Rockwell hardness tester: HRA, HRB, HRC
Superficial Rockwell hardness tester: 15N, 30N, 45N, 15T, 30T, 45T, 15W, 30W, 45W, 15X, 30X, 45X, 15Y, 30Y, 45Y
Plastic Rockwell hardness tester: HRE, HRL, HRM
Twin Rockwell hardness tester (also named as Rockwell & superficial Rockwell hardness tester): HRA, HRB, HRC,15N, 15T, 15W, 15X, 15Y, 30N, 30T, 30W, 30X, 30Y, 45N, 45T, 45W, 45X, 45Y
The determination of the Rockwell hardness of a material involves the application of a minor load followed by a major load. The minor load establishes the zero position. The major load is applied, then removed while still maintaining the minor load. The depth of penetration from the zero datum is measured from a dial, on which a harder material gives a lower measure. That is, the penetration depth and hardness are inversely proportional. The chief advantage of Rockwell hardness is its ability to display hardness values directly, thus obviating tedious calculations involved in other hardness measurement techniques.
The equation for Rockwell Hardness is , where d is the depth (from the zero load point), and N and s are scale factors that depend on the scale of the test being used (see following section).
It is typically used in engineering and metallurgy. Its commercial popularity arises from its speed, reliability, robustness, resolution and small area of indentation.
Legacy Rockwell hardness testers operation steps:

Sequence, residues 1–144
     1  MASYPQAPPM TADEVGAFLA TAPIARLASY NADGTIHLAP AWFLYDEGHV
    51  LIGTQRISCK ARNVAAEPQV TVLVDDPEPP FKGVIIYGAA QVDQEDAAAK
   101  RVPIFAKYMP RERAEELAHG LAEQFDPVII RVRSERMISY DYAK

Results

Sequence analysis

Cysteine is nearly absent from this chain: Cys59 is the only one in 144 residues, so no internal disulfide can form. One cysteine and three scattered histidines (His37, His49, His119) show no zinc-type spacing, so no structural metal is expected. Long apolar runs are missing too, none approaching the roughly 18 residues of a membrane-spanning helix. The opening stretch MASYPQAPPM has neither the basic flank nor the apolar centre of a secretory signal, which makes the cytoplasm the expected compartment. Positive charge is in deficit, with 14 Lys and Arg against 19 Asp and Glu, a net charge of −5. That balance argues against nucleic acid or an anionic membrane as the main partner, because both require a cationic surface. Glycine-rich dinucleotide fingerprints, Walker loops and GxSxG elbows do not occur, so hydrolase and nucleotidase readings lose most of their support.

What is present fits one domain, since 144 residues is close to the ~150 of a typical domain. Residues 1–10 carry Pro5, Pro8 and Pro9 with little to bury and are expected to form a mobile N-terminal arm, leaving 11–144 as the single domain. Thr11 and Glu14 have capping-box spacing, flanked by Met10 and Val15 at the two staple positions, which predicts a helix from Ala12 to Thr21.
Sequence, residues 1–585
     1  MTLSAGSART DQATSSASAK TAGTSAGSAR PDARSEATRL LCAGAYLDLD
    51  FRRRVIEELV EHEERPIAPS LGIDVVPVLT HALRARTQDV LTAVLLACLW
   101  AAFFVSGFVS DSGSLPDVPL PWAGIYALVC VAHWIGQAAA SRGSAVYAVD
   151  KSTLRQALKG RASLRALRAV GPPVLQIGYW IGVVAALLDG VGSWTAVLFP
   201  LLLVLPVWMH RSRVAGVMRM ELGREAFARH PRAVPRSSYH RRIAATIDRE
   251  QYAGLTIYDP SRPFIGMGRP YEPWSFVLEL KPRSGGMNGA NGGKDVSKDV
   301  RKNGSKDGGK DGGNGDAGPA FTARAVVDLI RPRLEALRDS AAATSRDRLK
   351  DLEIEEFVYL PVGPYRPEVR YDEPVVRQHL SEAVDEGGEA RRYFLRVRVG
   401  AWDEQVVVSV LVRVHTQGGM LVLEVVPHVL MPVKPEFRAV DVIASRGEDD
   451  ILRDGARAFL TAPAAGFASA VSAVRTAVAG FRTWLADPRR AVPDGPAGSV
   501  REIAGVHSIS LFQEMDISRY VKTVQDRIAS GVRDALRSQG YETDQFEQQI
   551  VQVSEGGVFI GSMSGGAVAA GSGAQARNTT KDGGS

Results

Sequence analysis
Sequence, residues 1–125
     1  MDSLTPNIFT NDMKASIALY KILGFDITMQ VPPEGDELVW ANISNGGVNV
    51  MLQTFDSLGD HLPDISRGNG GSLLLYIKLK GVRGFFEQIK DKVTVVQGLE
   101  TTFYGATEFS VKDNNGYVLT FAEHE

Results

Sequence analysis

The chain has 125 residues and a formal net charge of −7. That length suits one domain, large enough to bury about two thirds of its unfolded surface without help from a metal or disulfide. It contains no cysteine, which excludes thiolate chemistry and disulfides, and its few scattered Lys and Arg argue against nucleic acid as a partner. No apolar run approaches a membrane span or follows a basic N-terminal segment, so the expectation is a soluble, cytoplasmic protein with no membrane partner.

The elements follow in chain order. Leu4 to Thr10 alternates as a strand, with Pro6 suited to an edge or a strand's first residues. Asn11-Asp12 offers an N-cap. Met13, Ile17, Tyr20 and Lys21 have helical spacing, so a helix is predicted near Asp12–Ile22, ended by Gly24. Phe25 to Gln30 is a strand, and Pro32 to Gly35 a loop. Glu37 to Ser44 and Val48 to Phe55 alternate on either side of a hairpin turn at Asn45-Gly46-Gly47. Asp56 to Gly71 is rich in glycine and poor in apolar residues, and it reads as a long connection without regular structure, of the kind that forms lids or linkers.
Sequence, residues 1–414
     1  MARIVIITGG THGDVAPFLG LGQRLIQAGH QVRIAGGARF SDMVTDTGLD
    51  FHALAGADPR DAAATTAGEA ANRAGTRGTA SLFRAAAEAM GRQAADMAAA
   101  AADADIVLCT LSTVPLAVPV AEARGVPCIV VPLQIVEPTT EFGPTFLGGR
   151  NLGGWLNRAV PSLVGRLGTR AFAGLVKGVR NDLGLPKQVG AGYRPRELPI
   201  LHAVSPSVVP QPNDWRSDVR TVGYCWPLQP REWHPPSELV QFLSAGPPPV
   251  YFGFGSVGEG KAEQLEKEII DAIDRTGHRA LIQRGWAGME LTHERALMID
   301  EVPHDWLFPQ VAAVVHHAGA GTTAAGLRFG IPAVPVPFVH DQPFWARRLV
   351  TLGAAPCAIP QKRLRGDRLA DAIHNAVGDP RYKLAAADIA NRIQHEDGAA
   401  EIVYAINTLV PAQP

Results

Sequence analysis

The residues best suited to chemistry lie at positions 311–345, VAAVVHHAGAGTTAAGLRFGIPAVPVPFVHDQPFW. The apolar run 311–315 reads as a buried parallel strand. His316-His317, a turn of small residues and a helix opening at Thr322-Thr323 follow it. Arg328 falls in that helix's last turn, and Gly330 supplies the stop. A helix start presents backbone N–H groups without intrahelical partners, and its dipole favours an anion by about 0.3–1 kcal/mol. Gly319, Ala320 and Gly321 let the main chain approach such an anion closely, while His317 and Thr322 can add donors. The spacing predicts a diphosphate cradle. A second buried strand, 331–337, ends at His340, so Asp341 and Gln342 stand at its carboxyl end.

In order to get a reliable reading the thickness of the test-piece should be at least 10 times the depth of the indentation.Also, readings should be taken from a flat perpendicular surface, because convex surfaces give lower readings. A correction factor can be used if the hardness of a convex surface is to be measured.
There are several alternative scales, the most commonly used being the "B" and "C" scales. Both express hardness as an arbitrary dimensionless number.
|A||HRA||60 kgf||120° diamond spheroconical†||Tungsten carbide||100||0.002mm|
|B||HRB||100 kgf||1⁄16-inch-diameter (1.588 mm) steel sphere||Aluminium, brass, and soft steels||130||0.002mm|
|C||HRC||150 kgf||120° diamond spheroconical||Harder steels >B100||100||0.002mm|
|D||HRD||100 kgf||120° diamond spheroconical||100||0.002mm|
|E||HRE||100 kgf||1⁄8-inch-diameter (3.175 mm) steel sphere||130||0.002mm|
|F||HRF||60 kgf||1⁄16-inch-diameter (1.588 mm) steel sphere||130||0.002mm|
|G||HRG||150 kgf||1⁄16-inch-diameter (1.588 mm) steel sphere||130||0.002mm|
|H||HRH||60 kgf||1⁄8-inch-diameter (3.175 mm) steel sphere||Aluminum, Zinc, Lead|